The First Violin Concerto was written while Prokofiev worked on his Dostoevsky opera, The Gambler, and the Classical Symphony. The premiere of 1917 was overtaken by the October Revolution and was finally given in 1923 in Paris. It is a lyrical work without overtly virtuoso effects, starting with a quietly rapturous opening theme. The second movement is interestingly a sardonic scherzo, with typical Prokofievian motor rhythms and the violin partly playing sul ponticello (near the bridge). The songful finale resumes the mood of the opening movement, finally to return to the dreamy tune from the start of the concerto.
Recording listened to: Lydia Mordkovitch with the Scottish National Orchestra conducted by Neeme Jarvi on Chandos (with Second Violin Concerto).

5. Paul Hindemith, Kammermusik No 4 Op 36 No 3 "Violin Concerto" (1925)
Hindemith revived the spirit of the Baroque concerto grosso in his set of seven Kammermusiken, using ensembles inspired by Bach's Brandenburg Concertos. The fourth Kammermusik is a violin concerto, written for Licco Amar, Hindemith's friend and leader of the Amar Quartett. The accompanying ensemble is heavily weighted towards the wind instruments, especially the brass, plus as set of small drums. While the fast movements are hard-driven, the slow third movement is a "night piece," with an intense mood of troubled meditation. The two finale movements are a march and a piece with a strange, surrealistic moto perpetuo figuration in the solo violin.
Recording listened to: Konstanty Kulka with the Royal Concertgebouw Orchestra conducted by Riccardo Chailly on Decca (complete Kammermusik).

6. Igor Stravinsky, Concerto in D for Violin and Orchestra (1931)
A masterly example of neoclassicism, not a superficial stylistic copy, but a wholly new creation as the result of an affectionate approach to models from the past - with the spice of some fine parodic distortion added to the new mix. The four movements have Baroque titles as Toccata and Aria, and at the beginning of each movement the violin plays the same motto-like chord. The music is like a colorful collage, refreshingly serene, avoiding all subjective moods and feelings. It is music completely without a "message" or "idea."
Recording listened to: Itzak Perlman with the Boston Symphony Orchestra conducted by Seiji Ozawa on Deutsche Grammaphon (with the Berg concerto)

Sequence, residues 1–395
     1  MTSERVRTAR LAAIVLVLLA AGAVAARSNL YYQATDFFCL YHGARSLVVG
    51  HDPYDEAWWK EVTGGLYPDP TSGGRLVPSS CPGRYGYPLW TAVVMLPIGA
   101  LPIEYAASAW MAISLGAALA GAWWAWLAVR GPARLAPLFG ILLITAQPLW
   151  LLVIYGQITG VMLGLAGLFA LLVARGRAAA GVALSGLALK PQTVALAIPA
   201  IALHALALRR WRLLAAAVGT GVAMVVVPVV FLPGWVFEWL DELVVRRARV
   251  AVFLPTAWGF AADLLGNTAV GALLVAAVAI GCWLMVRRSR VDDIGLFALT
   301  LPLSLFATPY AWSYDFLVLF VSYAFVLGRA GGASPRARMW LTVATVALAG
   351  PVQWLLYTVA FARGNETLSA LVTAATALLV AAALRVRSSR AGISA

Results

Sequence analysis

7. Alban Berg, Violin Concerto "To the Memory of an Angel" (1935)
Berg dedicated his violin concerto to the memory of Manon Gropius, the daughter of Mahler's widow Alma and the architect Walter Gropius, who had been suffering from polio and died at the age of eighteen. They were family friends of Berg who felt like a second father to the girl. It is a twelve-tone concerto meant to gain acceptance for that style of composition, but it also includes tonal elements such as a Carinthian folk song and Bach's chorale Est is Genug. The opening pitches of the Bach chorale form the first four notes of the twelve-tone series on which the whole work is based. The first movement describes the girl in happy circumstances, the second one is about her struggle with death and her transfiguration. The work ends with a vision of the "angel." One of the most impressive of all 20th c. concertos.
Recording listened to: Itzak Perlman with the Boston Symphony Orchestra conducted by Seiji Ozawa on Deutsche Grammaphon (with the Stravinsky concerto)

8. Arnold Schoenberg, Concerto for Violin and Orchestra Op 36 (1936)
Written in 1936 in the United States, where Schoenberg had moved in 1933 to escape the Nazis, at the same time as the String Quartet No. 4. The Expressionistic concerto is in neoclassical form and in the traditional three movements. It opens with an expansive sonata movement with waltz-like central development section, succeeded in turn by a reflective Andante and a march-like finale. Based on a single twelve-tone row, the concerto is entirely dodecaphonic. The basic row of the concerto is very much in the foreground and helps to gain a better understanding of the music. The concerto is very difficult to play, needing a "six-fingered" hand, but anno 2016 there should be no difficulty anymore in understanding this music. Just undergo it.